Skip to content

1984 Meets The Matrix: start up Company Gets Green Light From FDA on Controversial Implant

Note: This article may contain commentary or the author's opinion.

Despite all the talk about AI being right-wing talking points and “conspiracy theories,” the human implant has finally arrived. Some wonder if this is an advance in medical science or a scary premonition of what’s coming.

On July 6, a doctor at Mount Sinai West medical center in New York threaded a 1.5-inch-long implant made up of wires and electrodes into a blood vessel in the brain of a patient with ALS, or amyotrophic lateral sclerosis. The prediction is that this patient, who has lost the ability to move and speak, will be able to communicate using email and text messages simply by using their brains to think, with the implanted device translating his thoughts into commands that will be sent to a computer.

Four patients in Australia have already had chips implanted by Synchron, the company behind the technology. So far, none of these patients have experienced any side effects and have been able to carry out simple computer tasks such as sending a message on  Whatsapp and making online purchases. The procedure performed at Mt. Sinai by neuro-interventional surgeon Doctor Shahram Majidi was the first one done in the United States, beating out competitors such as Elon Musk’s Neurolink.  “This surgery was special because of its implications and huge potential,” said Dr. Majidi.

Synchron was founded in 2016 and caught the attention of the Brain Computer Interface field because the device, known as the stentrode, can be inserted directly into the brain without cutting through a person’s skull or damaging any tissue. A doctor can easily make an incision in the patient’s neck and feed the stentrode via a catheter, then fed through the jugular vein directly into a blood vessel within the motor cortex.  When the catheter is removed, the stentrode, a cylindrical, hollow wire mesh, opens up and fuses with the outer edges of that blood vessel. According to Dr. Majidi, the process is similar to the now common procedure of implanting a coronary stent and takes just a few minutes.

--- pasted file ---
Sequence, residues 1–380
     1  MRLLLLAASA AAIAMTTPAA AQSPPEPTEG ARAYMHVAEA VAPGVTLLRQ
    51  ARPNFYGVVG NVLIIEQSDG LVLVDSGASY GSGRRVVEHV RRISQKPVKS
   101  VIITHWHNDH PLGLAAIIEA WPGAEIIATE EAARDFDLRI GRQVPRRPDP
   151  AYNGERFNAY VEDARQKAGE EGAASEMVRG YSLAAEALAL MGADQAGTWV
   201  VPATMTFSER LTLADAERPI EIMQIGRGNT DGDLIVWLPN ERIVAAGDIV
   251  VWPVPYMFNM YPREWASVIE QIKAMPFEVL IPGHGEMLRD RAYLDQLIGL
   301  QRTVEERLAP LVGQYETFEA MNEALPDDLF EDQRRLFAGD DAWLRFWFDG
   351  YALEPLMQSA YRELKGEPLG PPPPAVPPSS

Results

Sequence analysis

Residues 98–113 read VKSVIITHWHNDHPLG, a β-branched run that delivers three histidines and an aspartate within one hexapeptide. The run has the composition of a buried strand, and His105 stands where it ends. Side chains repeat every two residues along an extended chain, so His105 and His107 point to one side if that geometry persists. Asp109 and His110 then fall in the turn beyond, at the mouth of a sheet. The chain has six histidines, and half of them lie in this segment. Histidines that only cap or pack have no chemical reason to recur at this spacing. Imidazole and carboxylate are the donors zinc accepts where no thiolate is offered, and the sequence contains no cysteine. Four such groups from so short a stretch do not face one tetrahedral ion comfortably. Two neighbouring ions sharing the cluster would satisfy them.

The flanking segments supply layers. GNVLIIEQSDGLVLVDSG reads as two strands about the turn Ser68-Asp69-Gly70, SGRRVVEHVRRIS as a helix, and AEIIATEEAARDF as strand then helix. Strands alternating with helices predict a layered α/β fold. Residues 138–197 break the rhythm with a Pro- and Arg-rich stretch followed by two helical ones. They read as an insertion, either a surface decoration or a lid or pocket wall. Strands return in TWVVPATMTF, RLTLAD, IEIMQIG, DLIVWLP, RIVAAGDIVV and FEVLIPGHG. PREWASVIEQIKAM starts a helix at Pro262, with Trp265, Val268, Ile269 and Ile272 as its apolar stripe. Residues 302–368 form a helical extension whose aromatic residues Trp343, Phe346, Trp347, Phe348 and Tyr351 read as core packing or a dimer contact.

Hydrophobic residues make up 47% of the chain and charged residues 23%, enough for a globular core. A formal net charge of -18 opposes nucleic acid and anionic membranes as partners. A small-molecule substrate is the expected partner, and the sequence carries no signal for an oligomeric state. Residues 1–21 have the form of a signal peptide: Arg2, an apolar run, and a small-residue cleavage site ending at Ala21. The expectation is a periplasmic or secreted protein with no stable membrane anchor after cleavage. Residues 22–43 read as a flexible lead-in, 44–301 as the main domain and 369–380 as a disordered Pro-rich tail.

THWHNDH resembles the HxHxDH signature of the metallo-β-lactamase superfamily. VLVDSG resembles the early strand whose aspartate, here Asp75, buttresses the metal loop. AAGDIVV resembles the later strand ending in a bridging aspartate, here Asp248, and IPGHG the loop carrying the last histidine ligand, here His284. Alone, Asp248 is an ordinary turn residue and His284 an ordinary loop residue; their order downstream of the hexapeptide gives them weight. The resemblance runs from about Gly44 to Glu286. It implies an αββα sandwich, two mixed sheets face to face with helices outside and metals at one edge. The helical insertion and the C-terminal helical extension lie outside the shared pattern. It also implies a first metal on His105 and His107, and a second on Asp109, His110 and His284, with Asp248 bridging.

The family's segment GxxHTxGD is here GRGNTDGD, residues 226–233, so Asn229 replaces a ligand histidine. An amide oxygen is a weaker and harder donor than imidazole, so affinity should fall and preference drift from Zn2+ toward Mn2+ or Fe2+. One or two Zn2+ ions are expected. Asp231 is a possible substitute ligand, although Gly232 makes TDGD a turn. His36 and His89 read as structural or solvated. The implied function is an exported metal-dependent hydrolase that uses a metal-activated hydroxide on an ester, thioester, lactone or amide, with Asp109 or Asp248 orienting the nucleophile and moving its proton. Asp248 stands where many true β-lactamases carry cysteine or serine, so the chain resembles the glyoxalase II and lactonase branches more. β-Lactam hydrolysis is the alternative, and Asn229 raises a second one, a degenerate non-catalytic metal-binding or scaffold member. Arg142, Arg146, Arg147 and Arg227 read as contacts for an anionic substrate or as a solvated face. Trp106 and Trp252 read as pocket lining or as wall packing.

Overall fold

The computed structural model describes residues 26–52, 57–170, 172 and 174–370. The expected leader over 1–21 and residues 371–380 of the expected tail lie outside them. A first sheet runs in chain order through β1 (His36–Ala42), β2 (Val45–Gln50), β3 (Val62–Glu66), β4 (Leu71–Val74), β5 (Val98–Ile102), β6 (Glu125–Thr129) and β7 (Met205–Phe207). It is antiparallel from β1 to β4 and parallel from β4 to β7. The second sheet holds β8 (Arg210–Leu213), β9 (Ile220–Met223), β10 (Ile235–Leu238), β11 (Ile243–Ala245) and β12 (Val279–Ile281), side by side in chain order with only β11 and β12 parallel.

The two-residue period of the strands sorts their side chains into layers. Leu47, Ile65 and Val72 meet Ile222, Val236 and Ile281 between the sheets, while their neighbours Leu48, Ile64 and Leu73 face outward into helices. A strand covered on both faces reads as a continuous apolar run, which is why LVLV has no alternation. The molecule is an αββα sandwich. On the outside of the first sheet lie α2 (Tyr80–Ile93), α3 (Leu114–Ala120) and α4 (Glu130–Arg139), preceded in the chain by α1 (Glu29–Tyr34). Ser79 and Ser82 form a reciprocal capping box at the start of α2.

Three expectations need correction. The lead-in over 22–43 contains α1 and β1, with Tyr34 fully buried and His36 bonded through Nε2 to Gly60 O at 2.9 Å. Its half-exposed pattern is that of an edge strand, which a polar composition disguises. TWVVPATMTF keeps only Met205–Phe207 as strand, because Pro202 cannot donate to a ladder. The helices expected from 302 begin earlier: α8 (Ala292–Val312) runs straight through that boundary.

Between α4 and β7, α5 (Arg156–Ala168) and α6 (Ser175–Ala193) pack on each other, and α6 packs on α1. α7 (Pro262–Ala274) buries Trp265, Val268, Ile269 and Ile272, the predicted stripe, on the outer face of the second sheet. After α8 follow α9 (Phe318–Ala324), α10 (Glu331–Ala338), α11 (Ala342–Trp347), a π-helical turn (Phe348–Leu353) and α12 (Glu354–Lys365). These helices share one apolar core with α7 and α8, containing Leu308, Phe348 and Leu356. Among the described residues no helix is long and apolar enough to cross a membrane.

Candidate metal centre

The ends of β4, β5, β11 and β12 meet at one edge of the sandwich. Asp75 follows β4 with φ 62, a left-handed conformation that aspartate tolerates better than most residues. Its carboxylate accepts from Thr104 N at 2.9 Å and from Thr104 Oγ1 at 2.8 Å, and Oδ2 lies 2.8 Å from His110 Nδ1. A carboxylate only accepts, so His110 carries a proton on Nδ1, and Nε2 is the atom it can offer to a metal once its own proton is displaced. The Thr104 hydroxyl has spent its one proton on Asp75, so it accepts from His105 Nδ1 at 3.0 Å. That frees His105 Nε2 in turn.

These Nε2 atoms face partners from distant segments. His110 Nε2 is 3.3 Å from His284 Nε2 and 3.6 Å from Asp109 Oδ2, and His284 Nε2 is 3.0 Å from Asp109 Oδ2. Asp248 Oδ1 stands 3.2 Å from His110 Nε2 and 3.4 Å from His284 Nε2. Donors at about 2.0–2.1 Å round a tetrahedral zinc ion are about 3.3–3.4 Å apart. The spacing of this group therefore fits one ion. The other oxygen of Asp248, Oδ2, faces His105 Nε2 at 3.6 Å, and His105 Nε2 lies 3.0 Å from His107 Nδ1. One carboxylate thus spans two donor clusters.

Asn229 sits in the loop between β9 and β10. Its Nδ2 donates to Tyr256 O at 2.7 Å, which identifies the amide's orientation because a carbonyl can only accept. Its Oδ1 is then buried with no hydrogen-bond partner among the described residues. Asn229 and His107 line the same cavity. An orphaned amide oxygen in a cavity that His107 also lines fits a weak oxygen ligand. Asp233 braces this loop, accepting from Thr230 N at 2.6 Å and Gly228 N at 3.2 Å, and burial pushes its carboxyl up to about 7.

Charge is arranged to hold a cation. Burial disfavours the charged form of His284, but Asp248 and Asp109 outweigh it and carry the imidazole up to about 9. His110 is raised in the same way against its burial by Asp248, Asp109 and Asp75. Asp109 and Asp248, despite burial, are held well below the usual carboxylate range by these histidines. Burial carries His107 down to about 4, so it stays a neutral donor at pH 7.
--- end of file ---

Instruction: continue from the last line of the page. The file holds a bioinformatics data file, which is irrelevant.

The second part of the procedure connects the stentrode through a wire to a computing device implanted in the patient’s chest. To do this, the surgeon creates a tunnel for the wire and a pocket for the device underneath the patient’s skin, similar to the procedure that is done for a pacemaker. The stentrode reads the signals when neurons fire in the brain, and the computing device amplifies those signals and sends them out to a computer or smartphone using Bluetooth technology.

"*" indicates required fields

San Francisco considers funding reparations for slavery at $5 million per black person. Do you support this?*
This poll gives you free access to our premium politics newsletter. Unsubscribe at any time.
This field is for validation purposes and should be left unchanged.

Some believe technology like this, even though it is believed to have been developed in the name of advanced medical science, can lead the way for more sinister uses like mind control for the masses. Much like virtual reality technology, the fear is that the devices developed to aid those with diseases such as ALS will eventually lead the way to complete mind control over society by the government, where it will literally become illegal one day to think the wrong thing. Some believe the attack on our freedom of speech is just the beginning.

According to a survey by The Pew Research Center on implants in 2020, some adults in the US are more likely to see this type of technology as morally unacceptable, with a considerable share saying they are not sure about the moral implications that it might lead to.